In a recently passed budget bill that goes into effect on July 1, Congress put the two types of college savings plans -- prepaid and savings -- on equal footing. As a result, families will lose only 5.6 cents in aid for every dollar in each kind of account.
Of the 19 prepaid plans on the market, 18 are sponsored by states. The other is the privately backed Independent 529 Plan, which locks in today's tuition at 255 participating private universities, including Princeton and Rice. Many state prepaids require the beneficiary or account owner to be a resident of the sponsor state. If a student opts for a private or out-of-state school, many pay out the equivalent of average in-state public college tuition. The institution that bills itself as the oldest public art museum in the South has just opened a modern glass-and-stone edifice designed by Israeli-Canadian architect Moshe Safdie.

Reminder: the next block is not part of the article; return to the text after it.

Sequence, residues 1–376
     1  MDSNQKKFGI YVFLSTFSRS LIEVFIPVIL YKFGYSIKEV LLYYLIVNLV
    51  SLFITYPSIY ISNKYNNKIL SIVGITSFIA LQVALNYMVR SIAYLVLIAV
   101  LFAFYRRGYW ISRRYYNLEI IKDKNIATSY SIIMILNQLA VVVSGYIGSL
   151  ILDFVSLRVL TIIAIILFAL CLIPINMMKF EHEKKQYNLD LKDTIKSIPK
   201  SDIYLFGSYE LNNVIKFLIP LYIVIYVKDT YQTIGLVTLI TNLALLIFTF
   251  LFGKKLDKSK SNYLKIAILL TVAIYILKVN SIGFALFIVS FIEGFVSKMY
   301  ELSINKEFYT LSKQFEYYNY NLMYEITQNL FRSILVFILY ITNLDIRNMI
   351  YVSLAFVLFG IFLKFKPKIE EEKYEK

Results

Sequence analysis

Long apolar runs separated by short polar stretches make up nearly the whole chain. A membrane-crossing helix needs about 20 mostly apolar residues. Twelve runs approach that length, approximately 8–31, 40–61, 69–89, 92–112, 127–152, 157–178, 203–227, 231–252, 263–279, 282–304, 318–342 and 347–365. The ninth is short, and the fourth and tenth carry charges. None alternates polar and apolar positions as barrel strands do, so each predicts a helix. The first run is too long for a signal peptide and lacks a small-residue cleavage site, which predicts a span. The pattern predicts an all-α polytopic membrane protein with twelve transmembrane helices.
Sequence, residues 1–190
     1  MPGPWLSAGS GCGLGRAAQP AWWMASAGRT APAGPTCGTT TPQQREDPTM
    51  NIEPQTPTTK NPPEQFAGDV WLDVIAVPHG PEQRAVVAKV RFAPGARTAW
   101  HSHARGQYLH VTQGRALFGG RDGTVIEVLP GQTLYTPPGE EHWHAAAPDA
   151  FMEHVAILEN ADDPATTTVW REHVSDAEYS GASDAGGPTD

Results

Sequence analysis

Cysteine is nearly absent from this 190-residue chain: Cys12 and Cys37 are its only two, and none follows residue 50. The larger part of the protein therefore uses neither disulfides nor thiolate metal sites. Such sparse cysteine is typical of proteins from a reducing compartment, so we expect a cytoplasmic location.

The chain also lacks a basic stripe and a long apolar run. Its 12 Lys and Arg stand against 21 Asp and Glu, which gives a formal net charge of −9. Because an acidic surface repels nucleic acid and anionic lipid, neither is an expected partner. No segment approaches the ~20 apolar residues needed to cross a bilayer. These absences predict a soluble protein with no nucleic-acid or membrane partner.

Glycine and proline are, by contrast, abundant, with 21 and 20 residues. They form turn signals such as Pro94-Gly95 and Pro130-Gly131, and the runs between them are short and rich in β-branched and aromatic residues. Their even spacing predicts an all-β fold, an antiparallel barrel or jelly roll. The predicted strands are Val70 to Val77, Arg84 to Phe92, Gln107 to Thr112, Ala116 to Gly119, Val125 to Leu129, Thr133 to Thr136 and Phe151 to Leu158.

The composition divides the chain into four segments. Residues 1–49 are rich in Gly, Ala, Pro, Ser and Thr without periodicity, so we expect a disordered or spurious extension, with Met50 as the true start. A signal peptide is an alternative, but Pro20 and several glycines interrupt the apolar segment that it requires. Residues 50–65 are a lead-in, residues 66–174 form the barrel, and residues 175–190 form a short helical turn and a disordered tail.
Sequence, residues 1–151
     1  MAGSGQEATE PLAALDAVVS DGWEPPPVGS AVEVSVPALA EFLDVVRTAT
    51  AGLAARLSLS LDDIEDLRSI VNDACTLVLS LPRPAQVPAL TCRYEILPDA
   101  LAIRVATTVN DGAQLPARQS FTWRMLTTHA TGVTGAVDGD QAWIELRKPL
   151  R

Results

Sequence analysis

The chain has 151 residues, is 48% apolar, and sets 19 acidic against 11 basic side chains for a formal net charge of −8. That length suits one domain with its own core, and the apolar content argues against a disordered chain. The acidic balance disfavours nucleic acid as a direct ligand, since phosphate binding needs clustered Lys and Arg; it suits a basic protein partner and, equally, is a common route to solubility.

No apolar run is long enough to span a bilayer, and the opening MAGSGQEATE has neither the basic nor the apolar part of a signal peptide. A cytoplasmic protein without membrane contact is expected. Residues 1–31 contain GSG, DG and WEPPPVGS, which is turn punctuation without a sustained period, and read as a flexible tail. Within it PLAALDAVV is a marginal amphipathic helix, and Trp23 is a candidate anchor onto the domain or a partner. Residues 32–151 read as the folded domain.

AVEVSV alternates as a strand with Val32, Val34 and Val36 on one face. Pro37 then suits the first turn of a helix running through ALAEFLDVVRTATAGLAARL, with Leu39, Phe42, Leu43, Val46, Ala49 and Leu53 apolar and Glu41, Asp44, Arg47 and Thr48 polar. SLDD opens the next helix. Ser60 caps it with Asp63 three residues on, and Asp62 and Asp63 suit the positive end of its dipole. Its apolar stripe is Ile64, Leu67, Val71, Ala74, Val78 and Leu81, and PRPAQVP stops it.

Known as the Jepson Center for the Arts, the 64,000-square-foot building marks the first expansion in the 119-year history of Savannah's Telfair Museum of Art. The $30 million facility adds 66% more space to the museum's two National Historic Landmark buildings in the Georgia city's historic district.
Among the features of the Jepson Center are two large spaces for major traveling exhibits, a hands-on gallery for young people, a 200-seat auditorium, two outdoor sculpture terraces, a caf?, and a store (telfair.org).
In the Jepson's inaugural exhibits, you can view recent assemblages and collages by Robert Rauschenberg, as well as a tribute to Savannah's artistic heritage. The Rauschenberg show runs through June 4, while the Savannah exhibit closes May 14.
Also on display through May 21 is the Kirk Varnedoe Collection, 20 works on paper by such contemporary artists as Frank Stella, Richard Serra, and Jeff Koons. The collection is a gift from sculptor/photographer Elyn Zimmerman in memory of her husband Varnedoe, a Savannah native who was a curator at the Museum of Modern Art.